Street Fighter V: Arcade Edition Impressions—A Delayed Knock Out
SFV: Arcade Edition is a finger-straining blitz worth every second of your time.
Game: Street Figher V: Arcade Edition
Reviewed: PlayStation 4
Several people bemoaned Capcom’s decision to disembowel Street Fighter V of the Arcade Mode, a series staple that for many is such an integral component of riveting fighting gameplay the game faces an identity crisis without it. Some even explained that its absence was deliberately designed to push more players into experimenting with online matches, but whatever the reason, Arcade Edition has touched down and it’s bloody brilliant.
For starters, it charts the entire history of releases from 1987’s genre-defining invocation of Hadōken all the way up to Street Fighter V‘s refined battles and gorgeous graphics. As I somersaulted through Normal mode’s 47 stages, hammering away at bulked up bastions of impenetrability like Zangief and Abigail, two realisations rose to the surface: firstly, the difficulty is absolutely perfect, even if opponents occasionally scare you to death, and secondly, the variety of rostered environments (now including Suzaku Castle and Flamenco Tavern) is a visual treat that reaches heavenly heights with killer melodic pop rock audio.
As a casual dabbler in Street Fighter, Dead or Alive and Mortal Kombat, the sheer rush of adrenaline and excellent replay value SFV: Arcade Edition managed to conjure impressed me greatly. If you’re looking for a more relaxing time, Capcom acknowledges your request with an easy mode, though be warned rivals become dumbed-down pushovers. Hard mode scales up just enough from Normal mode, evidently catering towards Street Fighter veterans, but beating tricker stages is entirely possible and feels immensely gratifying, especially so for newer players.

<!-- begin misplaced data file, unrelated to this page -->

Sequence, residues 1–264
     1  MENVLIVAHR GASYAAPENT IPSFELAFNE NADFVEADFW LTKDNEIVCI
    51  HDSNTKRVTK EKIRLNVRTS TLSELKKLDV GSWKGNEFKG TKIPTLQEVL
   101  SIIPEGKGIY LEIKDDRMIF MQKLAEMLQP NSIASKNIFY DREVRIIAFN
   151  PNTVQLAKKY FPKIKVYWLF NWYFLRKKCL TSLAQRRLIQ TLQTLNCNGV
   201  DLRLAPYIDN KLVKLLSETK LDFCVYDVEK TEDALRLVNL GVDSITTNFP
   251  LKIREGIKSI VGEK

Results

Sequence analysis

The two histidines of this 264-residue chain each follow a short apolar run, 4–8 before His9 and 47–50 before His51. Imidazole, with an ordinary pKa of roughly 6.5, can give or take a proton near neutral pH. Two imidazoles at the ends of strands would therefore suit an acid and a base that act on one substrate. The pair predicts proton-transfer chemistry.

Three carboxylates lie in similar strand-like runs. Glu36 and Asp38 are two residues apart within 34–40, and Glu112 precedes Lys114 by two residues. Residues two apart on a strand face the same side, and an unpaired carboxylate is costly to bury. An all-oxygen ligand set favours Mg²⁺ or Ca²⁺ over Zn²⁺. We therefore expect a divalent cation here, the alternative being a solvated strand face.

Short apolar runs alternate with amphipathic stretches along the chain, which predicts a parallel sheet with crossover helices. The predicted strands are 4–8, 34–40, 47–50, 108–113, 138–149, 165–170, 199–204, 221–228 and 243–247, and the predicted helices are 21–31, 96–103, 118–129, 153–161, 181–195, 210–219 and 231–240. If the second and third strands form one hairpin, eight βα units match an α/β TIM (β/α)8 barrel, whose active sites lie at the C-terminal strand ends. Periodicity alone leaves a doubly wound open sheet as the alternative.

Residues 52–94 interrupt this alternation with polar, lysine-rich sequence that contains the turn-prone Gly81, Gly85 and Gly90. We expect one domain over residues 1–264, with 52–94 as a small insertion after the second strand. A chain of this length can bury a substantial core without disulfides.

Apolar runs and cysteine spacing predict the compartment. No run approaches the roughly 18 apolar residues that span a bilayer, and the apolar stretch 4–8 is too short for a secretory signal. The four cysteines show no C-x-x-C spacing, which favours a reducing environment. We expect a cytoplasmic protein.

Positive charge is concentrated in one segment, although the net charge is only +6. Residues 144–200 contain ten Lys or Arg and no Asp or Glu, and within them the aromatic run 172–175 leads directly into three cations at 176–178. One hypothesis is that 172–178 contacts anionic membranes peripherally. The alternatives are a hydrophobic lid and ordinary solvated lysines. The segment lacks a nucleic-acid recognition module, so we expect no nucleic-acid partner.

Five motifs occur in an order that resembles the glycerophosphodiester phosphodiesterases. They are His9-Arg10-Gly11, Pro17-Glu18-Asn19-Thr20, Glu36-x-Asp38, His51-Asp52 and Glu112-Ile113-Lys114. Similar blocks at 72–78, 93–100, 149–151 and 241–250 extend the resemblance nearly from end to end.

Despite flashier special effects and transitions, Capcom resists the temptation of indulging in long-loading times in SFV: Arcade Edition, because it remembers that first and foremost, it is an arcade game. Returning players, however, seem indignant over the attempt to streamline the game, which is absolutely justified. Over-simplification might be good for entry-level fighters like me, yet it promotes narrowing and dilution of the prerequisites for victory; definitions may be hard to memorise, but that doesn’t mean we should change the lexicon to appease all.
A large proportion of the joy I derived from SFV: Arcade Edition came from guessing my opponent’s next move; anticipating multidirectional contortions and invisible trickery of Dhalsim, trying to dodge Bison’s psionic blasts, defying the cunning acrobatics of Vega using the brute force of a low, well-timed kick—surely an obvious reason responsible for Street Fighter‘s success as a franchise to date. Legendary gameplay is revived in Arcade Edition. May it always be here to stay.
Full Disclosure: A copy of the game was provided for purposes of this review.